I’ve been complaining for years about Google’s various UI/UX problems.
As the most recent example, I got a notification that I had over 10,000 views on the site yesterday. Cool. Well, except I had those views on Wednesday, and got the alert yesterday.
Yes, they have a service called traffic “alerts” that doesn’t send an actual alert until 24 hours later. That’s not an alert. That’s a report—barely.
But no big deal. Probably an easy fix, right? Let’s just let them work on it? Nope. I and others have been complaining about this same exact problem for over 6 years, including sending support emails into the least monitored inbox in the Sol planetary system.
They don’t care, and even worse, they don’t seem to realize that they should. A recent Hacker News post asks an important question: If Google Sucks So Bad, Why Are People Still Using It?
Good question, and I think the answer is quite simple—Google’s features and stability have thus far been more compelling than its faults because there hasn’t been a strong enough competitor.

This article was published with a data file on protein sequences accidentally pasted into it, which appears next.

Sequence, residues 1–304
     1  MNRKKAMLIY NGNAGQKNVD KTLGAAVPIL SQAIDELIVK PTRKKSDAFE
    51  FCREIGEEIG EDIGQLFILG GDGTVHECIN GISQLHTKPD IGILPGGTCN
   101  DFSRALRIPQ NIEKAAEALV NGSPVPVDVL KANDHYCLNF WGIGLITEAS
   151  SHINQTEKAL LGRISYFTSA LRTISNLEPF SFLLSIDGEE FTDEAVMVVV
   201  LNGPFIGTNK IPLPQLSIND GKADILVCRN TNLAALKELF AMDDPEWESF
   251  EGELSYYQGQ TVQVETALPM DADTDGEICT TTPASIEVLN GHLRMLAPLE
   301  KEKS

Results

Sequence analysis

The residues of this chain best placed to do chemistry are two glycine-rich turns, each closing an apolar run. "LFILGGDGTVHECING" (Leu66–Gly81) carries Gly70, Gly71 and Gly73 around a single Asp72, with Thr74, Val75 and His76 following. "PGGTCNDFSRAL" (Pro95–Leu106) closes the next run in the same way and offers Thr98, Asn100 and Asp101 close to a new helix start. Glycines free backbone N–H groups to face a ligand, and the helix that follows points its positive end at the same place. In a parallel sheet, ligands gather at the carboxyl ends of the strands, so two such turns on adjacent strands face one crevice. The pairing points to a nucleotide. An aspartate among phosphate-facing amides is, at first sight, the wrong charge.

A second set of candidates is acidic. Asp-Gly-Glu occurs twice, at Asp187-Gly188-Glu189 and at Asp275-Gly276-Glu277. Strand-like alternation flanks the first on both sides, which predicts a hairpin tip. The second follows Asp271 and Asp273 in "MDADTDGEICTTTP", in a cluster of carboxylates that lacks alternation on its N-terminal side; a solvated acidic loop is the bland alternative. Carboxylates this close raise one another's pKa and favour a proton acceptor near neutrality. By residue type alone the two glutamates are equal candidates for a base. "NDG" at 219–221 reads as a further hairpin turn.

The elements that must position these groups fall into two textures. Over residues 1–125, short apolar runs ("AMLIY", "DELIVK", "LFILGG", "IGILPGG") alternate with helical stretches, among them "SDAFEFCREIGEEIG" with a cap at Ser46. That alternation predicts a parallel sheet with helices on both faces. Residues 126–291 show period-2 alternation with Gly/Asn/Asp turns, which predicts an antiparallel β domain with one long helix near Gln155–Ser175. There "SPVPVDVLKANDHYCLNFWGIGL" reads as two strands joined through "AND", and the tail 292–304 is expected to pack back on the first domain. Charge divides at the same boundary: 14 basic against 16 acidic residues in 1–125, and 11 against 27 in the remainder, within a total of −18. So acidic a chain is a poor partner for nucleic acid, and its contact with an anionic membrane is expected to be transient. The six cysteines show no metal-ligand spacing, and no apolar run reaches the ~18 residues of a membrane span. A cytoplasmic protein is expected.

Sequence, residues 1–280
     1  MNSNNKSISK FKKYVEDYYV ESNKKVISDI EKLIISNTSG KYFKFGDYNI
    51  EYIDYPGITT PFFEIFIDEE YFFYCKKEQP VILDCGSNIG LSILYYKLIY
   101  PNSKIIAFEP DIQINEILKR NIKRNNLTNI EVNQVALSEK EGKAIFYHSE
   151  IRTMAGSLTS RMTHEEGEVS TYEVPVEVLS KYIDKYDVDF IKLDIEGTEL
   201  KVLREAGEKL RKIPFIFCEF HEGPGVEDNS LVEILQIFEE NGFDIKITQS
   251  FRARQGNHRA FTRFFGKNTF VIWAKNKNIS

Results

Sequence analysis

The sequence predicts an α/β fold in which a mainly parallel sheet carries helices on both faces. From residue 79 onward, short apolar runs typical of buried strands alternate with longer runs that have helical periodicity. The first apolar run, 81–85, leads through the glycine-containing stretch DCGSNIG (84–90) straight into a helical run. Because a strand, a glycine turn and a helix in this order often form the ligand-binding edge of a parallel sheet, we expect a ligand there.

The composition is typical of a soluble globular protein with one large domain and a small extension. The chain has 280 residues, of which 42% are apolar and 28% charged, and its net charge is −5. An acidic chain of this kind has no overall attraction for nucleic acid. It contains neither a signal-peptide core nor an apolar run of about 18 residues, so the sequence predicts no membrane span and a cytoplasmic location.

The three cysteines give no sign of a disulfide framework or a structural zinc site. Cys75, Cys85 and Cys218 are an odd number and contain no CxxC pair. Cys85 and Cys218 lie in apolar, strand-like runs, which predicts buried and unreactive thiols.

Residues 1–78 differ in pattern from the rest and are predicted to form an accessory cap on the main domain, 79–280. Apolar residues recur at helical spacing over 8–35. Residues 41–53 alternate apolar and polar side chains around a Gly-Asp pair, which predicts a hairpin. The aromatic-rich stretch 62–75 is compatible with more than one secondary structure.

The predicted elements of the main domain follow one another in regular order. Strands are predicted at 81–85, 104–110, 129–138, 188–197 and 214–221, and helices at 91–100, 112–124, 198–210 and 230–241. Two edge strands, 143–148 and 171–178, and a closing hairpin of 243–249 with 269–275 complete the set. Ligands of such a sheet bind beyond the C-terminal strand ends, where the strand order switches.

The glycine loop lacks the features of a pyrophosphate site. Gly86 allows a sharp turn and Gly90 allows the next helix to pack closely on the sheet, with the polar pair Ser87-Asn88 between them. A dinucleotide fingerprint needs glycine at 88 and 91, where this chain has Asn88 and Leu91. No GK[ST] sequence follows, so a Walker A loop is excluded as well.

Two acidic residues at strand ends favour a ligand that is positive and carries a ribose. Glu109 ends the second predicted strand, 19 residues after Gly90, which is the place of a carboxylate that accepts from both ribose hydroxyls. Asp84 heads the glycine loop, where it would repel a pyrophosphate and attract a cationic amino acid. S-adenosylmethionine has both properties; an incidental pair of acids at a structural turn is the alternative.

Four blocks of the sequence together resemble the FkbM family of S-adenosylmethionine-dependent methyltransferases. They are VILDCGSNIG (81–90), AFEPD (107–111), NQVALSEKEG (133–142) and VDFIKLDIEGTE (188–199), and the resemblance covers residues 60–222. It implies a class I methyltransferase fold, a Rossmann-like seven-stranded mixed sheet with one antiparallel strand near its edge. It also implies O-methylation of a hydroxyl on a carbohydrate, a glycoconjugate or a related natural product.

I think Cloudflare is changing that.
Clouflare is Borging-up tons of internet spaces that used to belong to other companies. And they’re doing it while providing stable services and a modern UI.
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They’re cutting into the WAF space, third-party web integrations, zero trust, internal VPNs, content distribution, DNS hosting, and countless others.
Importantly, they are constantly innovating and—check this out—they answer support requests. They’re responsive. They’re listening and they’re adjusting to what they think customers need.
This is the Star Trek opposite of Google doing all these same services. For them, they build a cryptic UI, that people struggle to use, and they proceed to not change that UI for years and years. Best part of it? There’s no one to email. No one to call. It’s basically saying:
We accepted that. I accepted that. Despite saying for nearly a decade that I was done with Google. I never left because I never could.
And I can’t shake the feeling that Cloudflare knows this, and that they’re working to pull all these core-internet-infrastructure services from them.
I hope they do.